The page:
This edition is, I believe, the more recent of the two. Why did I spend all that money when I could just have waited for the other copy?! This book has a red cover. The illustration of MM on 51 still deserves a prize for suggesting weird perspectives. Verses by Carolyn F. Drawings by Byron G. This is a delightfully illustrated oversize pamphlet of twelve pages.

Tiger Cat has to take care of her kittens before she goes out to find them some catnip. She hears counting, and it is Mr. Sly Fox counting his ninety-ninth and hundredth tricks for eluding pursuers. Even before the hounds appear, the cat asserts that her one trick might be better than his hundred. The centerfold may have the strongest illustration: When she gets back home afterwards, the kittens are disappointed that she has found so little catnip.

She takes them by the "hands" and brings them to the elm tree to teach them "one good trick. Elson and Lura E. Apparently illustrated by L. Kate Deal, not acknowedged. Scott, Foresman and Company. See my extended comment on the book of which this is a revision, The Elson Readers: This copy "Catholicizes" the book by adding Fr.

O'Brien, a frontispiece of "The Pope of the Little Children," Biblical stories, sacred pictures, and--so the preface--ennobling memory lessons. Since almost all of this material comes later in the book, the fables are here just where they were there. Title-page and decorations engraved on copper by Rudolph Ruzicka. The Limited Editions Club. I do not find them outstanding.

Also contains Fantastic Fables. Jonathan Cape and Harrison Smith. First issued in America in the Travellers' Library Both the book and the circumstances here are unusual. The book is unusual because it begins with a statement by an Alphonse de Castro that he was the author of the original The Monk and the Hangman's Daughter under the name of G. He recounts the story of its publication history, including Bierce's role.

Nothing is said about how Bierce's Fantastic Fables come to accompany this short work in this book. I found the book in a small used bookstore after the Skunk train had reached its terminus and before we drove back in a cab to the train's starting point. This collection seems to contain, at its end, a number of stories not included in the Dover reprint of the original. The earlier stories are in an order only roughly approximating Dover's order.

I suspect that some individual fables were dropped in either or both editions. Actually, both titles fit this good anecdote! No T of C for the fables, which are on Translated out of Frensshe in to Englysshe by william Caxton at Westmyrnstre in the yere of oure Lorde. Initials and decorations by Valenti Angelo. Signed by Edwin Grabhorn. What a wonderful find! Slight round stain on the cover. Of course I would have wanted more of this sort of work! The red initials are equally stunning, incorporating the animals of each fable. The Road to Reading Supplementary Series.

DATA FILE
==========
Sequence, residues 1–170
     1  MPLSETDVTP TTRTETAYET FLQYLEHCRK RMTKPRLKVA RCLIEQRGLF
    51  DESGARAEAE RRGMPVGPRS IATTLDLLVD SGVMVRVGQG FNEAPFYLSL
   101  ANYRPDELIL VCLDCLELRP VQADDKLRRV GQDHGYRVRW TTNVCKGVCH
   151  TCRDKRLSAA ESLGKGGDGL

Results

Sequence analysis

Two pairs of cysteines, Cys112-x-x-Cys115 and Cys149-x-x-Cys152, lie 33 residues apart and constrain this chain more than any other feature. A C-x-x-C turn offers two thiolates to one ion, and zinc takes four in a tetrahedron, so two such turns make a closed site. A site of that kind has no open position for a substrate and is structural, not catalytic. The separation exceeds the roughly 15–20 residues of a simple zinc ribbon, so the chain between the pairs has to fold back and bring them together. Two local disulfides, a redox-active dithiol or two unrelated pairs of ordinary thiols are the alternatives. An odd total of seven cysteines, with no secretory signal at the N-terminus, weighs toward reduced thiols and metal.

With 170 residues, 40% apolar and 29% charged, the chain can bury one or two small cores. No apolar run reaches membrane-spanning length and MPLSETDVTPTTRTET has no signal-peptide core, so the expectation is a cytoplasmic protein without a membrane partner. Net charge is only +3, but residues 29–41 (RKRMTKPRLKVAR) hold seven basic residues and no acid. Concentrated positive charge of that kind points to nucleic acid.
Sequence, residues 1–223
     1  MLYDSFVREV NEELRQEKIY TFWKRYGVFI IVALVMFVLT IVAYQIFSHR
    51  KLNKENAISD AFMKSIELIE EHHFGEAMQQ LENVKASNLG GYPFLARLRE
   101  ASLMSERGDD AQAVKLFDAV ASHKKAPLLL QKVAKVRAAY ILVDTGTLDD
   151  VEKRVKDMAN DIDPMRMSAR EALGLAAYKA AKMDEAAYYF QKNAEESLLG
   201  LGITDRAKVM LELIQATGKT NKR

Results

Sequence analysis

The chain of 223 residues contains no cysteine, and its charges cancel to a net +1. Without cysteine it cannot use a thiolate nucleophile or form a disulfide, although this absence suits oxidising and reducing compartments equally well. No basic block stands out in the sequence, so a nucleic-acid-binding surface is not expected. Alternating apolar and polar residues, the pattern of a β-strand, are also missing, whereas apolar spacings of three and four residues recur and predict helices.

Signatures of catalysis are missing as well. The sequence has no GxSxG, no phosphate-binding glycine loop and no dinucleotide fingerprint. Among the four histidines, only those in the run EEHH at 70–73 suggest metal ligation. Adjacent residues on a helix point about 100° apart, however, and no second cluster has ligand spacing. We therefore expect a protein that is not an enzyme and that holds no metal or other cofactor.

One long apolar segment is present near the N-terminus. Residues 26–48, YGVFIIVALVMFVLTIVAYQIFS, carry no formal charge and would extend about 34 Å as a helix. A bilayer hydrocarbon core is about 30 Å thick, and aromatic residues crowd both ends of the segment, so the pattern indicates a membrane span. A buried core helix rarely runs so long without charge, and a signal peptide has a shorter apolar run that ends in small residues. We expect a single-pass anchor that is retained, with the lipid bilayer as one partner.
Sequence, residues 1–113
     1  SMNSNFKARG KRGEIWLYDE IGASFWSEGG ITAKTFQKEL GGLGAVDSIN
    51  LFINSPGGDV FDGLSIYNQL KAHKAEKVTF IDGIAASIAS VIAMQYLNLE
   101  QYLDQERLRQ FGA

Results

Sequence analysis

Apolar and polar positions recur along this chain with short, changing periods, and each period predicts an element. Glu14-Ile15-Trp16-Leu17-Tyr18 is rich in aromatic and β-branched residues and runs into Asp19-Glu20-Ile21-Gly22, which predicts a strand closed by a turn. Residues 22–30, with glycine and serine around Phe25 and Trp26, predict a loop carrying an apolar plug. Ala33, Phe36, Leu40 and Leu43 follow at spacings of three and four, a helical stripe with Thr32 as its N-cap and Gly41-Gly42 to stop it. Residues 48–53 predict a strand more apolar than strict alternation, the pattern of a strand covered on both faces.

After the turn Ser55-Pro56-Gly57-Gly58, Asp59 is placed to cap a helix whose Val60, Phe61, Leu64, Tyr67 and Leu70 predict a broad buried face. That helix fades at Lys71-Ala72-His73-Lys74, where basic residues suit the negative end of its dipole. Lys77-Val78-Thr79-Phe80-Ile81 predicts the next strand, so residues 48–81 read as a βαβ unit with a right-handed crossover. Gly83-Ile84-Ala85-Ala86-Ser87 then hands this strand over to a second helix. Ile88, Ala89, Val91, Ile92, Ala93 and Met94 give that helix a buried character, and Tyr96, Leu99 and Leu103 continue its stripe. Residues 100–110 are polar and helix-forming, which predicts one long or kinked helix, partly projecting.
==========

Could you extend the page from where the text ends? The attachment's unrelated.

Except for the covers and end papers, this little paperbound volume is in good shape. Simple but strong two-color illustrations and good tellings. Fifty-three fables, "chiefly Aesop's. Are there more fable books in this series? Gates and Miriam Blanton Huber. Illustrated by George M. A school reader in very good condition.

MM 39 has an excellent illustration. Its point is the same as that of MM. Here is a good example of the limited but important role Aesop was given in readers sixty years ago. I have a copy of this school reader in its printing. Here is the printing, also in very good condition. Edited by George W. Five fables told in traditional fashion are mixed into this book. Only one has an illustration: Eight fables told in traditional fashion are mixed into this compact beginning story book. The illustrations are of indifferent quality; do not miss the fox and stork in the lower corner of There are thirty-three fables here from several fabulists, including Samaniego, Iriarte, Hartzembusch, La Fontaine, Florian, and two fabulists new to me: Baeza and Clovis Eimeric.

Each fable gets from one to three pages and two orange monochrome illustrations. The first illustration is a large quadrangle presenting a key moment in the fable, while the second is a frameless tailpiece, usually of one character in the story. The latter may show even more wit than the former, as when the tailpiece for "The Lion and the Man" shows a painter with his palette Another fine tailpiece used twice shows the ass trumpeting and the hare delivering messages 26 and verso of the title-page.

Do not overlook the fine first-illustration of Iriarte's naturalist scouring a book Many fables that originate with La Fontaine are here given in the versions of Samaniego. There are no fables attributed to Aesop. I find it curious that Hartzembusch gets mentioned on the title-page but has only one fable here, while several fabulists like Eimeric and Florian have more than one fable and are not mentioned on the title-page. Is that the grasshopper a vagrant with an umbrella and guitar and the ant a housewife with antennae on the cover?